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Starbucks tuition deal not as simple as seems

Starbucks contribution to online degree program more complicated than it may seem


Starbucks workers who attend Arizona State online receive a discount in tuition their freshman and sophomore years. Starbucks will reimburse them their junior and senior years.


NEW YORK — The scholarship portion of a new education program Starbucks is offering to help workers pay for an online degree consists entirely of a discount from Arizona State University and not money from the chain.

The Seattle-based company this week unveiled a benefit that is designed to let college juniors and seniors earn a degree from ASU at no cost. For the freshman and sophomore years, workers would pay a reduced tuition. Workers who are admitted to ASU could pick from 40 degrees and wouldn’t be required to stay with Starbucks after graduation.

A major aspect of the program is an upfront scholarship Starbucks said is an investment between itself and Arizona State University. When asked how much of that scholarship the company is providing, Starbucks initially said terms weren’t being disclosed.

Following the announcement, however, Arizona State University President Michael Crow told the Chronicle of Higher Education that Starbucks is not contributing any money. Instead, Arizona State will charge workers less than the sticker price for online tuition.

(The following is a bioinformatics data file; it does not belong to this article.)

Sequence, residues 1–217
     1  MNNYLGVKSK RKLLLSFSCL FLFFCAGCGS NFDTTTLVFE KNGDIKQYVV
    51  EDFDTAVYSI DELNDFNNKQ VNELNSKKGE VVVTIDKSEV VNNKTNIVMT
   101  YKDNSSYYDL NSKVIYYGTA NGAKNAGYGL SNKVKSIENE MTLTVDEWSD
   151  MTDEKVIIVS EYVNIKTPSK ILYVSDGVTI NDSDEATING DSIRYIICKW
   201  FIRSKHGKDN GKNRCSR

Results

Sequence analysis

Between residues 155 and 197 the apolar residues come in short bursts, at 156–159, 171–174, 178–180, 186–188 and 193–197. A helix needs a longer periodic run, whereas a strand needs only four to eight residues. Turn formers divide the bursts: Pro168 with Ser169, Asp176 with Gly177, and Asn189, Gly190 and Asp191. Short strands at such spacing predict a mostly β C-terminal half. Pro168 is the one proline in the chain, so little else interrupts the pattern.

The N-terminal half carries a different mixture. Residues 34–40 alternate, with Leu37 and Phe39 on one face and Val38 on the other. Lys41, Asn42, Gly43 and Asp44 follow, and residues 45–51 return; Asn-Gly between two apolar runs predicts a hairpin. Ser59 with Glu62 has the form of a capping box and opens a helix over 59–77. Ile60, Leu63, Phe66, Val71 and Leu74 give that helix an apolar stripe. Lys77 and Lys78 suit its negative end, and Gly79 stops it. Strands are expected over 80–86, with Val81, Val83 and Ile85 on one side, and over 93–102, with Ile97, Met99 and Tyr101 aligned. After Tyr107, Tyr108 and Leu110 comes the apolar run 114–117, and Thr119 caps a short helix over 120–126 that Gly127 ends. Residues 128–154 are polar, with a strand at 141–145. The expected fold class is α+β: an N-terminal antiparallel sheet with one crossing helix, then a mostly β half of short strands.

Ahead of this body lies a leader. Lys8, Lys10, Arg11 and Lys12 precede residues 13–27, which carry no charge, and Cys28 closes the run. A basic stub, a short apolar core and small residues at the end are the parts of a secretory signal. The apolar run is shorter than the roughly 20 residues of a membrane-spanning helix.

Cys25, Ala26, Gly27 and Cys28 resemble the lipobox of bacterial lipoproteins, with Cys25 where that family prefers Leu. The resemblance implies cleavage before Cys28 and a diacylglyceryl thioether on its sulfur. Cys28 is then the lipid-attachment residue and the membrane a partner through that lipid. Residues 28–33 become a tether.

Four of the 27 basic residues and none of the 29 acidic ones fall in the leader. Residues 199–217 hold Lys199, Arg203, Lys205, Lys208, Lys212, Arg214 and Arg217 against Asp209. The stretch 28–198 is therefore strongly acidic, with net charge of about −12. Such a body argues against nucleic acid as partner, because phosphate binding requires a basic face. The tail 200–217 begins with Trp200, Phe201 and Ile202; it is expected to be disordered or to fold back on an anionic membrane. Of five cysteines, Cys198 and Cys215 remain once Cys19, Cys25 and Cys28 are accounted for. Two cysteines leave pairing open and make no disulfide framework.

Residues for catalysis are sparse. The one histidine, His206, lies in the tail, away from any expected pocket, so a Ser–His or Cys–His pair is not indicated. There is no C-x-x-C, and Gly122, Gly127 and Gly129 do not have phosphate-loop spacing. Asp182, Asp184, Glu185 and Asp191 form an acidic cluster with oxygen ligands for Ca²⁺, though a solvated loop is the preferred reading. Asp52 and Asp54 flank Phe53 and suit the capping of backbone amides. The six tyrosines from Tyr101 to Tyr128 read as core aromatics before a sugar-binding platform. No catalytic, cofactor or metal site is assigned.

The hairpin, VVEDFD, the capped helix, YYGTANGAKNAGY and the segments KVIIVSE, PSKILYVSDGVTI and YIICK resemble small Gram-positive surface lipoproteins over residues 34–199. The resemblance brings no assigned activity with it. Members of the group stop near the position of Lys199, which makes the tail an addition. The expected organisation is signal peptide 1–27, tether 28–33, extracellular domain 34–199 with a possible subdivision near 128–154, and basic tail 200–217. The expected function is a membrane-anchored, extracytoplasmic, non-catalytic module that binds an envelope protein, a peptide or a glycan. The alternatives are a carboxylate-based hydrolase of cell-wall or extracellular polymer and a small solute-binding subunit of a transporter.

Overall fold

Starbucks said Thursday that the scholarship is a reduced tuition rate. It estimates the reduction in tuition would average about $6,500 over two years to cover tuition of $30,000.

To cover the remainder in the freshman and sophomore years, workers would apply for federal aid and pay for the rest either out of pocket or by taking out loans.

For the junior and senior years, Starbucks would reimburse workers for whatever tuition they had to cover.

Matt Ryan, chief strategy officer for Starbucks, said on Thursday that for a worker’s junior and senior years, the company could potentially cover up to 58 percent of the tuition. If workers did qualify for grants, he said Starbucks could be responsible for very little, if anything. He noted that workers’ financial situations can vary greatly.

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